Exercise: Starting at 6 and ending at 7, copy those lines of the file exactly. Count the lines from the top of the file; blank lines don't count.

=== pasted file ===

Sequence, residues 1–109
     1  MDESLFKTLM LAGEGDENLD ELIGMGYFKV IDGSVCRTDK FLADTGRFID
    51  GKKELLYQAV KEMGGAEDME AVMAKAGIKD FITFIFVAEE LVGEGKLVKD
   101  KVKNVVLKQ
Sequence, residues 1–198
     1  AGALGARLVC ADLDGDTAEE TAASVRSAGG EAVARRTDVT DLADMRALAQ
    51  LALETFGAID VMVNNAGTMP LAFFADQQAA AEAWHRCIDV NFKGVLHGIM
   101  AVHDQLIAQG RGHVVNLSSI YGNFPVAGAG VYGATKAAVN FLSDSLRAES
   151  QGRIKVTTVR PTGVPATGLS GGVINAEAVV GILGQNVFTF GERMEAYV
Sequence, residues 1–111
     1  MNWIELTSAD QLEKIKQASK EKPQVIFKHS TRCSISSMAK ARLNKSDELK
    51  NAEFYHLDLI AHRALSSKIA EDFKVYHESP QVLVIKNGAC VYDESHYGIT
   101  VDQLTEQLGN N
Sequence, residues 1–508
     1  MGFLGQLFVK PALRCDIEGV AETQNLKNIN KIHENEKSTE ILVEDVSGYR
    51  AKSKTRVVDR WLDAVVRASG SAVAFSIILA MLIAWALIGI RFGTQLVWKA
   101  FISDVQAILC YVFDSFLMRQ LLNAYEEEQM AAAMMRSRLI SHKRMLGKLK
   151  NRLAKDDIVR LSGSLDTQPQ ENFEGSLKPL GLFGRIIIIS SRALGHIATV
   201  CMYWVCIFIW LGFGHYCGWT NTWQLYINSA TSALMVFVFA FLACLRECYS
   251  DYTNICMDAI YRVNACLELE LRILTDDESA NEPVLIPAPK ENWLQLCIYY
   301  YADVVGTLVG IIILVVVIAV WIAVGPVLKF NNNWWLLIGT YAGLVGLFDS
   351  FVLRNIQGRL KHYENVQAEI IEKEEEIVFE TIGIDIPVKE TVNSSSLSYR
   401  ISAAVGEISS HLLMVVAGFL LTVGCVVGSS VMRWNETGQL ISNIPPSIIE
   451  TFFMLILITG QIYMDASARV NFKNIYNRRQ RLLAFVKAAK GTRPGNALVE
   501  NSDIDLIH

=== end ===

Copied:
     1  AGALGARLVC ADLDGDTAEE TAASVRSAGG EAVARRTDVT DLADMRALAQ
    51  LALETFGAID VMVNNAGTMP LAFFADQQAA AEAWHRCIDV NFKGVLHGIM